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By Anthony Adragna
Aug. 3 --The Environmental Protection Agency opted to keep in place a controversial provision essentially requiring the partial use of carbon capture and storage technologies to meet final carbon dioxide emissions limits for any new coal-fired power plants built in the U.S.
President Barack Obama's administration relaxed the carbon dioxide emissions limits any new coal-fired power plant would have to meet under Section 111(b) of the Clean Air Act, but it left unchanged the proposed requirements for new natural gas plants.
Those limits are:
• 1,400 pounds per megawatt-hour for new coal-fired power plants, less stringent than the 1,100 pounds per megawatt-hour standard proposed in 2014, and
• 1,000 pounds per megawatt-hour on a gross output basis for new natural gas plants.
The rule governing any new, modified or reconstructed power plants is important because it triggers a requirement for the EPA to issue carbon dioxide emissions standards for existing power plants under Section 111(d). Those limits, also released Aug. 3, are the centerpiece of Obama's plan to address climate change (see related story).
According to a fact sheet on the regulation, the final rule is not expected to have notable costs and will not have significant impact on electricity prices or reliability.
For new coal-fired power plants, the agency said it anticipated units would have to capture at least 20 percent of their carbon dioxide emissions through carbon capture and sequestration (CCS) to meet the revised standards. The EPA concluded the best system of emissions reductions is a “highly efficient supercritical pulverized coal unit with partial carbon capture and storage.”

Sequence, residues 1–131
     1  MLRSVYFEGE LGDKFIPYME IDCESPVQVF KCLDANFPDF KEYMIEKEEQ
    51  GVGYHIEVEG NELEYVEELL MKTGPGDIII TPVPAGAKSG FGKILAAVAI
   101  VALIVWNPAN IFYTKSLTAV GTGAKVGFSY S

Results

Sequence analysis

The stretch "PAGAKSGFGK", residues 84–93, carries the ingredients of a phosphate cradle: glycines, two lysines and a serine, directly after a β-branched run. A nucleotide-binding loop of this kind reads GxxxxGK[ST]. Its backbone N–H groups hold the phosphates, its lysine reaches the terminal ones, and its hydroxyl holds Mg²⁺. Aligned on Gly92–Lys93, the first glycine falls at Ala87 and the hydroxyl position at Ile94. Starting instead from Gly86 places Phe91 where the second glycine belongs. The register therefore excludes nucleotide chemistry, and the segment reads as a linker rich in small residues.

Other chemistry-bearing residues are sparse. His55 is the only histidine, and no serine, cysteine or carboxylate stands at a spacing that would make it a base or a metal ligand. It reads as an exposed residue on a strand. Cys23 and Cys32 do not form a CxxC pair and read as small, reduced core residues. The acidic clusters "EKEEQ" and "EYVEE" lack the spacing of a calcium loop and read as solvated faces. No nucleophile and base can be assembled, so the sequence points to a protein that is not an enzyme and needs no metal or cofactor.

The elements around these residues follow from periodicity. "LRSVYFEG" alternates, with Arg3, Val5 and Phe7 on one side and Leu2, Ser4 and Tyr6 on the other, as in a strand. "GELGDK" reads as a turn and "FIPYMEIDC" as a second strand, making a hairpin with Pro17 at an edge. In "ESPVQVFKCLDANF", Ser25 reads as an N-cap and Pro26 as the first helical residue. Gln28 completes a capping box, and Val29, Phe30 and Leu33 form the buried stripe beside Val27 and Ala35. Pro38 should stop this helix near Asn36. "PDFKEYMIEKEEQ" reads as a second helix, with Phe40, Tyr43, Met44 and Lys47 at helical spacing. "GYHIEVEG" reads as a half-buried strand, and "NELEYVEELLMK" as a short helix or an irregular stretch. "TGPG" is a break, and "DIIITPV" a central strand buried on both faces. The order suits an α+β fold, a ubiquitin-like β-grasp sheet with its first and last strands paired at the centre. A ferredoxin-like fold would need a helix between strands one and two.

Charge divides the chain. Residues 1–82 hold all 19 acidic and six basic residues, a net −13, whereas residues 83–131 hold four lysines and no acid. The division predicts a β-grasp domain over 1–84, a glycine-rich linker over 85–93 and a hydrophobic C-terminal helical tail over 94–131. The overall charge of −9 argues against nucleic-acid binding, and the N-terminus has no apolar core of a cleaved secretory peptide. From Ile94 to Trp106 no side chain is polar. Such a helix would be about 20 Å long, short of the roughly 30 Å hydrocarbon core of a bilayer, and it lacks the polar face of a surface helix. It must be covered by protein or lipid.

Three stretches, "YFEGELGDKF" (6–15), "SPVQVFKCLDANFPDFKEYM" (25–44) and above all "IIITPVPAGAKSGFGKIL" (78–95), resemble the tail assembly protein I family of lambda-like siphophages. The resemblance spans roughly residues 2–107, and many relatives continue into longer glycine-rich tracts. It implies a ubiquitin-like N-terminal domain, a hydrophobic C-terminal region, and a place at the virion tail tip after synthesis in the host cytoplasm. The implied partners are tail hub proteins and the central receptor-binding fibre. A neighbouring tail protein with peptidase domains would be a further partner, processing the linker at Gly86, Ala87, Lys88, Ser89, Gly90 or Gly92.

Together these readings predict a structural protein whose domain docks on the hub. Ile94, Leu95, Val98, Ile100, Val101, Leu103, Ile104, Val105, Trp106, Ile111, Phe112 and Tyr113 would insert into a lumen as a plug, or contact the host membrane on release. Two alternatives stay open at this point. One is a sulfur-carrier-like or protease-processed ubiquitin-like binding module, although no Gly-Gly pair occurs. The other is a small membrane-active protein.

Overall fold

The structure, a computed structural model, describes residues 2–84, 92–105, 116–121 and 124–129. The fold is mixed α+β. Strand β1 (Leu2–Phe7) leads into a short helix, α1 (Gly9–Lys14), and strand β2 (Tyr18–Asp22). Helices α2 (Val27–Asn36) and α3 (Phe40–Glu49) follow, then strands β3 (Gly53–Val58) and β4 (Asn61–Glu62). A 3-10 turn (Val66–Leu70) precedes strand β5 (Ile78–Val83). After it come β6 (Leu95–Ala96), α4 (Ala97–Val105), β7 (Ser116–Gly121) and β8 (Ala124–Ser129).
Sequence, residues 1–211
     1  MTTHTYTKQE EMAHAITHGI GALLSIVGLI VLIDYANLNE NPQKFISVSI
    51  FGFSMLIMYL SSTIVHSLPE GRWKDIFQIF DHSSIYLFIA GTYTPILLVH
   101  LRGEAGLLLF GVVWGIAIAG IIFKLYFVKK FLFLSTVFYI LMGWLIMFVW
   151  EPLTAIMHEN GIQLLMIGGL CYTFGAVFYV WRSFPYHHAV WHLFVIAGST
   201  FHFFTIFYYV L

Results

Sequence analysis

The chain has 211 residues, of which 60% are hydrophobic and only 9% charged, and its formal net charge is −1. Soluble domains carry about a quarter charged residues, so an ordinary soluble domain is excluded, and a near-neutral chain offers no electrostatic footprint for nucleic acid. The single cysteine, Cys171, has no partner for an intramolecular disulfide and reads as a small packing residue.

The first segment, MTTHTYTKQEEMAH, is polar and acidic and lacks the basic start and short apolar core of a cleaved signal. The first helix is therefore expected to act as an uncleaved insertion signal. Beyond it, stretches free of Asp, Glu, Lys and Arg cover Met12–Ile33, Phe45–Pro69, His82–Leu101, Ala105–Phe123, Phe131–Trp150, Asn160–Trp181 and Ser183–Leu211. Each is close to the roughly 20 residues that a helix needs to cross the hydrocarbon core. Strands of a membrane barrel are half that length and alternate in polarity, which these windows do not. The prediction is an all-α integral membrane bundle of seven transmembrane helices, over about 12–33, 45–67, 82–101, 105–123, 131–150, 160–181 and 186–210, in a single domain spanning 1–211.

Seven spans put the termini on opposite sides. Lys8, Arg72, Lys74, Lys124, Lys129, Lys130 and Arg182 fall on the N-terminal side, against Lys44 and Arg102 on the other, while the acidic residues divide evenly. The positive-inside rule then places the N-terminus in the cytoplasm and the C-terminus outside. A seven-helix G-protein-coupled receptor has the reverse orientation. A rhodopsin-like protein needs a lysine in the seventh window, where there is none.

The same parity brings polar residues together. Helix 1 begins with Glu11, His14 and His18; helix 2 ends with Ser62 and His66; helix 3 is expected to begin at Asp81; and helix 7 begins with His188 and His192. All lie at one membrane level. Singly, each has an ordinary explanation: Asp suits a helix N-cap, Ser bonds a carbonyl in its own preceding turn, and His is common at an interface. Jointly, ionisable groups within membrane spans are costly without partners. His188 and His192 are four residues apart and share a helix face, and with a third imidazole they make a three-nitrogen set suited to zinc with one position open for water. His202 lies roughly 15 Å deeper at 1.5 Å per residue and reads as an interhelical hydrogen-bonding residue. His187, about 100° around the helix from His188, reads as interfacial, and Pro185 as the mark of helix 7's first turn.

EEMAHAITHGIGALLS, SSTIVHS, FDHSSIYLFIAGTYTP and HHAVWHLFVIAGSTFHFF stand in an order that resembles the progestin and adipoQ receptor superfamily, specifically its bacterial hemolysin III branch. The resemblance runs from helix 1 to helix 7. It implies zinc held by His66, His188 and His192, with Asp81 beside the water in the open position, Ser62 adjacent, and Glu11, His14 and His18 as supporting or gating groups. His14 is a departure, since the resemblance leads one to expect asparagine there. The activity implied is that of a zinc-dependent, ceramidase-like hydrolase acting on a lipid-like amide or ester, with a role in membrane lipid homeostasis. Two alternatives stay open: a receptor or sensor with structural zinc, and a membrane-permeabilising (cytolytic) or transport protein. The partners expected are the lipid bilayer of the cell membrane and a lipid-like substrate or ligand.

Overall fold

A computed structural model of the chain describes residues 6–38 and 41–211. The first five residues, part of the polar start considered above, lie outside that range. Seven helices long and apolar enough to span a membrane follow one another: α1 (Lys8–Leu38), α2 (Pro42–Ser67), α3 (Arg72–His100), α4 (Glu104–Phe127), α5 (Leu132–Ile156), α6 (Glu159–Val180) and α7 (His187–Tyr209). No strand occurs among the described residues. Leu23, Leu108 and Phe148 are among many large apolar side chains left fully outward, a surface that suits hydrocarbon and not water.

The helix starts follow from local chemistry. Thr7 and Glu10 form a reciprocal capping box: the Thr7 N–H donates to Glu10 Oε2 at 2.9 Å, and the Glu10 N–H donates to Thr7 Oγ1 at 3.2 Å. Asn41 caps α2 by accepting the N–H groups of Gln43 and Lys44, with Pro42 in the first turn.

The emissions limits were relaxed for new coal-fired plants to reflect “information and comments regarding the cost to implement CCS on a new unit,” according to the EPA.
“CCS has been demonstrated to be technically feasible and is in use or under construction in various industrial sectors, including the power sector,” the EPA said in its fact sheet. “Partial CCS designed to meet the final emission standard will continue to promote implementation and the further development of CCS technologies.”
Inclusion of CCS technology has been controversial since the proposed rule's (RIN 2060-AQ91) release in January 2014 (79 Fed. Reg. 1430). That technology hasn't been “adequately demonstrated” as required under the Clean Air Act and isn't economically feasible, industry groups and many Republicans in Congress have said.
The EPA concluded the revised emissions limits for new coal-fired plants “better represents the requirement that the [best system of emissions reductions] be implementable at reasonable cost,” according to the rule text.
Several attorneys expressed surprise that the agency opted to maintain the carbon capture language in the final rule, arguing it would open the regulation to legal challenges. That is significant, because an adverse court decision against the new power plant limits could scuttle the existing plant rule as well.
“I think EPA made a big mistake,” Brian Potts, a partner at Foley & Lardner LLP, told Bloomberg BNA. “They relaxed the limit a little bit, but ultimately why risk it when nobody is building coal plants anyway?”
“If the new plant standard gets overturned, it stops the Clean Power Plan in its tracks,” Potts added, calling the CCS issue “one of the best challenges” states and industry groups have to fight the regulation.
Another attorney tracking the regulation told Bloomberg BNA the treatment of CCS in the final rule--even at the relaxed emissions limits--ensures it will be a tempting target for those who want to challenge the rule.